The Autocrat’s Labor Dilemma: Elite-Mass Conflict, Labor Law, and the Value of Dependent Courts

My dissertation is a book-length monograph that examines the conditions under which autocrats enact pro-worker legislation and analyzes its political consequences for autocratic rule. The core argument and mixed-method evidence of my dissertation have been summarized in my paper titled “Appeasing Workers without Great Loss: Autocracy and Progressive Labor Legislation,” published in Comparative Politics.

In my dissertation, I argue that heightened mass threats create a key dilemma for autocrats: to do nothing would provoke mass unrest, but to enact pro-worker reforms would provoke elite resistance. I develop a theory of how autocratic governments are able to enact redistributive measures that balance the demands of both workers and employers. Pro-worker reforms are possible only with judicial balancing: limited independent judiciaries that provide autocrats with the flexibility to either (1) mitigate elites’ losses resulting from pro-worker legislation or (2) tilt the balance in favor of labor, particularly when social stability concerns loom large. I argue that this strategic flexibility in adjudication, facilitated by dependent courts, helps autocrats better manage the dual challenges in (re)distributive policy disputes. I illustrate the utility of this argument by employing qualitative evidence from China’s 2008 Labor Contract Law (LCL).

In the subsequent chapters of my dissertation, I employ a variety of quantitative data and causal methodology to substantiate the central components of my argument. I present three pieces of evidence. First, I provide compelling evidence for the adjudicative flexibility afforded by dependent courts through a difference-in-differences analysis of court rulings data on labor disputes. Second, I explore the mass political consequences of the LCL’s limited effectiveness through a pre-registered survey experiment. Third, I probe the generalizability of the argument by utilizing cross-country evidence including a novel latent measure of mass threats.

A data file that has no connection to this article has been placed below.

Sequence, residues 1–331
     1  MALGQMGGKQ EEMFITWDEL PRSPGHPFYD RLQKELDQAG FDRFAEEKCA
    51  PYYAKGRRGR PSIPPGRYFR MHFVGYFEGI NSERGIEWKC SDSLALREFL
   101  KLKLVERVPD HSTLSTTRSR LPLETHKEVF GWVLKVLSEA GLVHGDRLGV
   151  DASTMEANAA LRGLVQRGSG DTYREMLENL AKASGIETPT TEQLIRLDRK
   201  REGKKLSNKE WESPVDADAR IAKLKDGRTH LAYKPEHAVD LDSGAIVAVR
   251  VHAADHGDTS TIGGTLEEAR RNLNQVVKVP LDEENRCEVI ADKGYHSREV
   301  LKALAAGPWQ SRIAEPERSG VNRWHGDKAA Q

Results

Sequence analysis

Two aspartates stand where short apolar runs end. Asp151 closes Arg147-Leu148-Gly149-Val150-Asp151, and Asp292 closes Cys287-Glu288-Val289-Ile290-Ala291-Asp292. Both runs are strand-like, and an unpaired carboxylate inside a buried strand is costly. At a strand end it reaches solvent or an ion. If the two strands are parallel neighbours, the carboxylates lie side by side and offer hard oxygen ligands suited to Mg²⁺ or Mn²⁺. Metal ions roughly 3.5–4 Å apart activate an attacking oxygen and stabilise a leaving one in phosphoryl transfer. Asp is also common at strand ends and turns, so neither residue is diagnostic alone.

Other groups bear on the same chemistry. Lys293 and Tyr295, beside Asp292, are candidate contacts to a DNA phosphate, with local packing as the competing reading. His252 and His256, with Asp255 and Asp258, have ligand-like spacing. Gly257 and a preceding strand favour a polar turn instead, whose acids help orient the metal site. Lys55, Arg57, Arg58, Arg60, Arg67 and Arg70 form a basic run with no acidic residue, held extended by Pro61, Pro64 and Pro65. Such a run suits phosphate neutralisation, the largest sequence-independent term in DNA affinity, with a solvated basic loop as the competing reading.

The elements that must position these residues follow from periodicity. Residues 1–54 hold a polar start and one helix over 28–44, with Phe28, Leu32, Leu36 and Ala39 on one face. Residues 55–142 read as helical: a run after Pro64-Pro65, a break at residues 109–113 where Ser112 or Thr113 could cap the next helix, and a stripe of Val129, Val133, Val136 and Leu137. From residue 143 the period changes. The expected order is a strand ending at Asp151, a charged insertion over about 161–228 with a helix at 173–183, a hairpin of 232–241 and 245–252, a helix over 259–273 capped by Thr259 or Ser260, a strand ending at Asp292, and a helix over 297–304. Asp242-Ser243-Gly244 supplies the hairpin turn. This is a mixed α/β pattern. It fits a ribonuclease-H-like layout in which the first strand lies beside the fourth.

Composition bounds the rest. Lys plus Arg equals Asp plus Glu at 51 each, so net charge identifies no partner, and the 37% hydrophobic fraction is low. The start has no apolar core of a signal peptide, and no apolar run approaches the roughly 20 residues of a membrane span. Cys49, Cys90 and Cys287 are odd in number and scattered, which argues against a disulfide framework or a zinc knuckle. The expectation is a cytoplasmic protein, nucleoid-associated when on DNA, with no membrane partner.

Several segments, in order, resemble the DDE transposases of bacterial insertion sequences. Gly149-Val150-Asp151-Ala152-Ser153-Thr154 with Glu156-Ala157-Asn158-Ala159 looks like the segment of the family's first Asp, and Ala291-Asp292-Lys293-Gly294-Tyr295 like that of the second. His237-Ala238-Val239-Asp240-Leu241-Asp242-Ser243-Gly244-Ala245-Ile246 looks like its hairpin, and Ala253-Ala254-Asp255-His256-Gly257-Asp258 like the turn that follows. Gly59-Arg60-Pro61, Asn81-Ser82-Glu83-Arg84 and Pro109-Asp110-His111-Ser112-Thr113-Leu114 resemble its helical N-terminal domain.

My dissertation makes two main scholarly contributions. First, my work expands our understanding of authoritarian institutions and survival strategies. By situating my argument in an elite-mass interaction framework, I illustrate a dilemma that autocrats may face when reforming labor law and provide new insights into how authoritarian judiciaries help maintain autocratic rule. While previous literature has identified various functions of the judiciary in authoritarian regimes, such as regime legitimation, administrative control, commitment making, and repression, my dissertation highlights the delicate balancing function of courts, particularly in managing distributive tensions.

Second, my dissertation extends the literature on institutions and redistribution. I bring attention to judicial institutions, which, through their decisions and interpretations of the law, determine winners and losers and can thus have significant distributional consequences. Building on this insight, my work further points out the inherent flexibility of autocratic judiciaries in influencing these distributional consequences, which autocrats can exploit to advance their own interests.